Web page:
• A new feature in CIP-011 is how the requirements are presented, which is based on applicability/impact on the reliable operation of the BES.  There are several subject areas identified in CIP-011, including: security governance and policy; personnel training, awareness, and risk assessment; physical security; electronic access control; etc.
  • Each requirement has several characteristics identified, and each requirement is assigned to one of the subject areas.
  • The need for more than paper evidence of compliance has lead to actual need to demonstrate compliance in the updated version of the CIP requirements. For example, current requirements call for paper demonstration rather than allow for actual demonstration of the protection system; the latter improves security and therefore an entity will have to demonstrate their compliance rather than state it.

There are many, many other updates, improvements and additions to the upcoming CIP requirements known as Version 4. It is my opinion that a registered entity may want to begin preparing now because the requirements may prove to be difficult to handle.

James Holler is founder of Abidance Consulting.

Showing 6 comments
  • Reply

    The changes effect not only utility operators, but the companies they do business with. As CIP-011 is implemented utilities will find that letting a contractor run the background check on employees and report the results isn’t going to meet the standard. Documentation that training requirements are being met will also become a major pain point for utilities.

  • Reply

    Rumor has it FERC was not too thrilled with the new CIP model for CIP010 and CIP011. Is there any confirmation they told the NERC drafting teams to tweak a few things or revisit their entire approach based on effect to the BES.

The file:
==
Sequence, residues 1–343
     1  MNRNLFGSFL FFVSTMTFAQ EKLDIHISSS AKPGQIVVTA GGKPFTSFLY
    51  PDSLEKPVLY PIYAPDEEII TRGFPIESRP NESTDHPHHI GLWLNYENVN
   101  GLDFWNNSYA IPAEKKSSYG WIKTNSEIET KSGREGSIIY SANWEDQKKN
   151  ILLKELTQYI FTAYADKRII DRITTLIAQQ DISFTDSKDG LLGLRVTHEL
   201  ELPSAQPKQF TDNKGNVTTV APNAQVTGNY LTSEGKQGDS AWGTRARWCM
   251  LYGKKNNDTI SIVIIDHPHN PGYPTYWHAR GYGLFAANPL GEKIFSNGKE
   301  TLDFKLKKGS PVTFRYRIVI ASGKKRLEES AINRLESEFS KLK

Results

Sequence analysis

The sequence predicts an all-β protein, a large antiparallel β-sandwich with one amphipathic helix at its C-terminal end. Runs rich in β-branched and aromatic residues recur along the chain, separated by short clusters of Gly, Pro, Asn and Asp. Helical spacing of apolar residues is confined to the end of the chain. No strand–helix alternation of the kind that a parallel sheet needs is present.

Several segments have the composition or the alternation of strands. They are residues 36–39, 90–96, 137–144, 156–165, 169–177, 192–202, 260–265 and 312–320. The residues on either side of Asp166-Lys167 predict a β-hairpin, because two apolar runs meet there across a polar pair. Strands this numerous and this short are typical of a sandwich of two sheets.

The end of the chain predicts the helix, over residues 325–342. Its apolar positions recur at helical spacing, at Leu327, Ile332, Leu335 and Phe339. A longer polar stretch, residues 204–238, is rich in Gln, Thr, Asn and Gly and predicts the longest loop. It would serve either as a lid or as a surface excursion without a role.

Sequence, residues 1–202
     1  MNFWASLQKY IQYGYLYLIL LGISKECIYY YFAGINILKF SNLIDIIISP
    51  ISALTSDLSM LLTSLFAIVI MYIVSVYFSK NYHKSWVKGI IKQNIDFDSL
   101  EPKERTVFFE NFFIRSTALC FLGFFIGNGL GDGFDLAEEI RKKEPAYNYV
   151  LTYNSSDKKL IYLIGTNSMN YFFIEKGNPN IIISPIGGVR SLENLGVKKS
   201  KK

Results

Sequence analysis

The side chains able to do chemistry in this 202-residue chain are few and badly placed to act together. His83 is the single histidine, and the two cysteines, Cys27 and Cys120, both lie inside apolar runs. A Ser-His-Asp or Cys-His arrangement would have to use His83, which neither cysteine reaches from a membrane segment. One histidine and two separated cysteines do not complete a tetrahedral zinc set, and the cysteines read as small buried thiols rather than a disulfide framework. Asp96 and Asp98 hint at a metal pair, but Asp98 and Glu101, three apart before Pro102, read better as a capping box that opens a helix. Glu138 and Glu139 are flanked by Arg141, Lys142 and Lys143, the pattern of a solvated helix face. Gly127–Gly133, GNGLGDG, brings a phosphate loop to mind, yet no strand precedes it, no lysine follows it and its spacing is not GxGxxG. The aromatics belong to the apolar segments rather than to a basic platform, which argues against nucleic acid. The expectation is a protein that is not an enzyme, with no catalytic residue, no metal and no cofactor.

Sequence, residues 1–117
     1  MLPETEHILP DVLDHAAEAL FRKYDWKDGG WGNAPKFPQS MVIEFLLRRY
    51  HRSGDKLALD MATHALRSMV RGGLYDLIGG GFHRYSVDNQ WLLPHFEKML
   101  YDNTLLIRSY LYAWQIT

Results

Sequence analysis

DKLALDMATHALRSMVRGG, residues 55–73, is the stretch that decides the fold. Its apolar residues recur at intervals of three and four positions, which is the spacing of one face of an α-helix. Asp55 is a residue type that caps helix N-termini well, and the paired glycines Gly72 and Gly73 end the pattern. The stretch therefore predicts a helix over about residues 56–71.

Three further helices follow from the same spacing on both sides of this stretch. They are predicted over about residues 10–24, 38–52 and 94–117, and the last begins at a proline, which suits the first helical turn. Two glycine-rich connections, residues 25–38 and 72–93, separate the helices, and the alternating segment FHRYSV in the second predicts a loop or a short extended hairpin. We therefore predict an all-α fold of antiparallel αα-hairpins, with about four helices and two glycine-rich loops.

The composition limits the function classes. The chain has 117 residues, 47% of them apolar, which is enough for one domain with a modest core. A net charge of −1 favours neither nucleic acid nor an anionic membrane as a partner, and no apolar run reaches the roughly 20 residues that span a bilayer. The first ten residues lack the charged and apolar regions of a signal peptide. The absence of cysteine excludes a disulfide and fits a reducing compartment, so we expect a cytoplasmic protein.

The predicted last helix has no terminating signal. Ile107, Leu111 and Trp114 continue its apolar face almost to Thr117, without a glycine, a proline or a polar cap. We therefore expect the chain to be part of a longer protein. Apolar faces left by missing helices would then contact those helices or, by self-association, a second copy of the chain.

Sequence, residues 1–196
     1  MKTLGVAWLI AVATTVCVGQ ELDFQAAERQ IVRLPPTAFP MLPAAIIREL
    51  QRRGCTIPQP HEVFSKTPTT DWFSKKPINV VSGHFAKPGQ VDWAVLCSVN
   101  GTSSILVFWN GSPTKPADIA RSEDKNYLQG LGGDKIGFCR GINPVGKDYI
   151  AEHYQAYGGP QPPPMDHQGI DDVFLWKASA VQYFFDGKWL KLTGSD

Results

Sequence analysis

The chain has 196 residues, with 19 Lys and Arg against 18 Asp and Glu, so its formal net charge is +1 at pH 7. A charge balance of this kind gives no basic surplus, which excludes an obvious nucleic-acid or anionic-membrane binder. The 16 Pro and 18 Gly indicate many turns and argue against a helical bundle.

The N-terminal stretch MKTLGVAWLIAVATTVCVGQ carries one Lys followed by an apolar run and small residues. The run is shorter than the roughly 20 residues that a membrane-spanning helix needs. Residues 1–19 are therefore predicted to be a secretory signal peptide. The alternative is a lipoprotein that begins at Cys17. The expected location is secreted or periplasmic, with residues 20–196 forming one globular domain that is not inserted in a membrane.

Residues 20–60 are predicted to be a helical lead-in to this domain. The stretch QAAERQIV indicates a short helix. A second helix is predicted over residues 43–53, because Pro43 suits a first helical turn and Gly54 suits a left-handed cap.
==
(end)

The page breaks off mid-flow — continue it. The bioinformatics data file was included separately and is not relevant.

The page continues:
• Reply

    JEFF – You are correct in that FERC has asked for more clarity. Earlier this morning the meeting with the Standards and Development Team (SDT) had us make a few modifications to CIP-002-4. CIP-010-1 and CIP-011-1 are still under development and are taking on the look of the PCI rules with the feel of the NIST 800-53 standards. These will be rolled out in a phased-in approach.

  • Reply

    STEVE – Here’s the deal…registered entities will now have to prove their compliance, not just state they are compliant. Don’t be surprised if an auditor asks you to show them, in real-time, how you verify that only those ports necessary for normal and emergency operations are open. This means a live test…or a “show me” demo. This is one of the primary reasons more and more clients are doing a total outsource of their compliance efforts to us.

  • Reply

    “For example, current requirements call for paper demonstration rather than allow for actual demonstration of the protection system…”

    This has been the issue with auditing for quite a while. Traditionally, auditors test for the existence of a policy, in some cases just taking someone’s word it exists, instead of testing the effectiveness of the written policy. Requiring someone to display effectiveness would be a tremendous step forward in security. Seems like that might be a tough one to pull off though. As a penetration tester I can’t tell you how many times a policy existed but was easily bypassed and/or the necessity for programs and services wasn’t stated. For example, allowing wholesale access to things like Facebook or whatever.